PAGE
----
On June 28, the Senate Health, Education, Labor, and Pensions Committee voted to approve S. 1695—legislation that would authorize the FDA to clear generic versions of biotech drugs as “interchangeable” if there is evidence that the new version produces the same clinical results without posing safety risks. The measure is intended to make generic drugs more affordable and available to patients. But whether the legislation will move forward for approval is not clear.
Several competing versions of the bill, including some that would impose fewer requirements for generic versions of drugs, have been introduced in the House. And both chambers have to agree on legislation before sending it to the President for approval.
The current bill, which was sponsored by Sen. Edward Kennedy (D-MA) and four bipartisan co-sponsors, would give the FDA authority to decide the “interchangeability” of a generic biotech drug. The generic drug manufacturer would have to provide evidence that there were no meaningful differences between conventional drugs and their generic biotech version in purity, potency, and safety.
Market exclusivity to brand-name biotech versions would be granted for 12 years, and generic makers would have to wait at least four years before challenging a patent or applying for a generic version with the FDA.
David Charles, MD, associate professor and vice-chair of neurology for Education and Development at Vanderbilt and vice-chair of the Academy's Legislative Affairs Committee, told Neurology Today in a phone interview that he is against interchangeability of the generics. (He argued against that interchangeability in an Op-ed in the July 3 Neurology Today: “Approval of Generic Biologics: Why We Can't Afford a Dangerous Shortcut,” page 4.)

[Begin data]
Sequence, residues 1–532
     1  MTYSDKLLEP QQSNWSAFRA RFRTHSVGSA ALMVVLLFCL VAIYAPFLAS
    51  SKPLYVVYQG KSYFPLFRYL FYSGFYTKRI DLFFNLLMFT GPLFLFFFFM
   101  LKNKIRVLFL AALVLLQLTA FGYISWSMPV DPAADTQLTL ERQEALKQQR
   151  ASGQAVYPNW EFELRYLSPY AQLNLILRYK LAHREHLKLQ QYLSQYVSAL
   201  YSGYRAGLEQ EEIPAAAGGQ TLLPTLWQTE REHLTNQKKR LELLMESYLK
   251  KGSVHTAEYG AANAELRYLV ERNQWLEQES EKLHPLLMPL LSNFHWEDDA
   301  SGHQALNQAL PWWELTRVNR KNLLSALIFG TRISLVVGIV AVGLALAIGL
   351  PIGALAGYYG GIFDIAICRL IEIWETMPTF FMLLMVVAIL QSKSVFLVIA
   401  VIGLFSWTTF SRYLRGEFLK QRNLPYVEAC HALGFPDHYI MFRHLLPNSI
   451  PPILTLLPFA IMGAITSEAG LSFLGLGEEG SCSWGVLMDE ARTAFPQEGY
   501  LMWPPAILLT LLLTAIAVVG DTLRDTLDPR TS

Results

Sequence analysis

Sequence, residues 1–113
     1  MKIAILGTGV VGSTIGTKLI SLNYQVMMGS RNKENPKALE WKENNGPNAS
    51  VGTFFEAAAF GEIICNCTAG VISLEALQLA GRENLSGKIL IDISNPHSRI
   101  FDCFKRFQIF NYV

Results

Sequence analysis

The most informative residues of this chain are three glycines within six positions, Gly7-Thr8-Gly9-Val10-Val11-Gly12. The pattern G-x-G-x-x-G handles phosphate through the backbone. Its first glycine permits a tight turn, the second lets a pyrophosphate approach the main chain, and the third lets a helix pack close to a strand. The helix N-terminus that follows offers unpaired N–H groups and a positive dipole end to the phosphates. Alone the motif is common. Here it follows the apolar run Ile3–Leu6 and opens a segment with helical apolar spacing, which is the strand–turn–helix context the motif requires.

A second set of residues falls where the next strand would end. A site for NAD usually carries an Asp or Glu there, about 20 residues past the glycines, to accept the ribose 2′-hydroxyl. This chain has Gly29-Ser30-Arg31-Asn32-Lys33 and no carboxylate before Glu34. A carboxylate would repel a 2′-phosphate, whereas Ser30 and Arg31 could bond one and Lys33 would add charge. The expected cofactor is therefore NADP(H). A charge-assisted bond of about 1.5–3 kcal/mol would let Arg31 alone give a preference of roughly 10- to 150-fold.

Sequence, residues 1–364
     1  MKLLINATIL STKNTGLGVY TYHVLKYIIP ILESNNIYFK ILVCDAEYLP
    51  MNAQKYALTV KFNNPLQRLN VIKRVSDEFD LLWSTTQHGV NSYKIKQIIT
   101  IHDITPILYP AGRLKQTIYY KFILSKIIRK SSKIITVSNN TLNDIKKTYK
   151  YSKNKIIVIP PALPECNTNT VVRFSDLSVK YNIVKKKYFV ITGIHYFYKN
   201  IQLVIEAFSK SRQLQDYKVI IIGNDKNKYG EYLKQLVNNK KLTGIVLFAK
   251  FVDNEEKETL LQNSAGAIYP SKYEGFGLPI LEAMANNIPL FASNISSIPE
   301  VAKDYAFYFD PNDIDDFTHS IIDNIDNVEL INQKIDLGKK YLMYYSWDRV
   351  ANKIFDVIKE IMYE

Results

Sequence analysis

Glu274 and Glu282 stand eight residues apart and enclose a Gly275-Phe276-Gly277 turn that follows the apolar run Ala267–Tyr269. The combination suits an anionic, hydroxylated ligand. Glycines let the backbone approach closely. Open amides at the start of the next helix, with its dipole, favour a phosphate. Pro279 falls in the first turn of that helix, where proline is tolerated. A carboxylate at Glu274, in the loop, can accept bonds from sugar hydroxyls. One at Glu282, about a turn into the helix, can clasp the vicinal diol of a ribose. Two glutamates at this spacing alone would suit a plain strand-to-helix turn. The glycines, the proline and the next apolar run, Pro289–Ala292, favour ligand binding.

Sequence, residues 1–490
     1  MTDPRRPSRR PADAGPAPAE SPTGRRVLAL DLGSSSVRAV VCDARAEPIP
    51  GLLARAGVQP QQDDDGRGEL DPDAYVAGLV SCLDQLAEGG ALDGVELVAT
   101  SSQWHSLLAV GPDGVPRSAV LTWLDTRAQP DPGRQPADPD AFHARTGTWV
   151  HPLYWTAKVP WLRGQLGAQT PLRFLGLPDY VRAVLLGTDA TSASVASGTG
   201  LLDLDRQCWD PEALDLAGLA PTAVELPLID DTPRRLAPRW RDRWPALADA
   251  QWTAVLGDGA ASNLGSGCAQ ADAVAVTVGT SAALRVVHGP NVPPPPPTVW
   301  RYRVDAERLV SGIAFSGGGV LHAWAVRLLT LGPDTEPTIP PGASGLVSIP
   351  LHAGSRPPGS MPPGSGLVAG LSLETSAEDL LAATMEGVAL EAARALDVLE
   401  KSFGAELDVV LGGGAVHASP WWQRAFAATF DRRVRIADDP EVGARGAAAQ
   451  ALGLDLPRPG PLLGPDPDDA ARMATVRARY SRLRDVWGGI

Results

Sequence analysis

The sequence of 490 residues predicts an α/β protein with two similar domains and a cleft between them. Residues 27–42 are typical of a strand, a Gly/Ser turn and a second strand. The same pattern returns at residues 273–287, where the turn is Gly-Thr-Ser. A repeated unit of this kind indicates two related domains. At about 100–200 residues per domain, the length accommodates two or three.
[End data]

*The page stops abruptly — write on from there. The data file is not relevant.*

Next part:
In Neurology Today, he wrote: “The science involved dictates that no two biologic drugs are completely interchangeable. Even biologic drugs in the same FDA category designed to treat the same disease or condition have unique characteristics. This is because the performance characteristics of an injected biologic drug are largely determined by the manufacturing process, not by a chemical formula as they are in conventional or “tablet” drugs.”
Conventional pharmaceuticals are generally small chemical molecules produced with different ingredients added under tightly controlled conditions. By contrast, biologic medicines are often large protein molecules manipulated through complex methods.
Dr. Charles said that it is important that patients have access to the best options, which can include generics. However, he expressed concern that the process for manufacturing biologics and conventional chemical-based drugs may differ, leading to differences in safety and efficacy. Because of these differences, he said rigorous clinical trials must be conducted before approval.
Mike Amery, AAN legislative counsel for federal affairs, noted that Sen. Kennedy said he would like to include the measure with other legislation concerning the FDA in conference negotiations with the House, and that approval by other Democratic leaders is up in the air. If Democratic leaders in the House disagree with the Senate's version of the legislation and decide to hold markups and hearings, the proposal may be left out of the negotiations. The hearings were slated to occur at press time.
“I don't think that anyone really knows what will happen,” Amery concluded.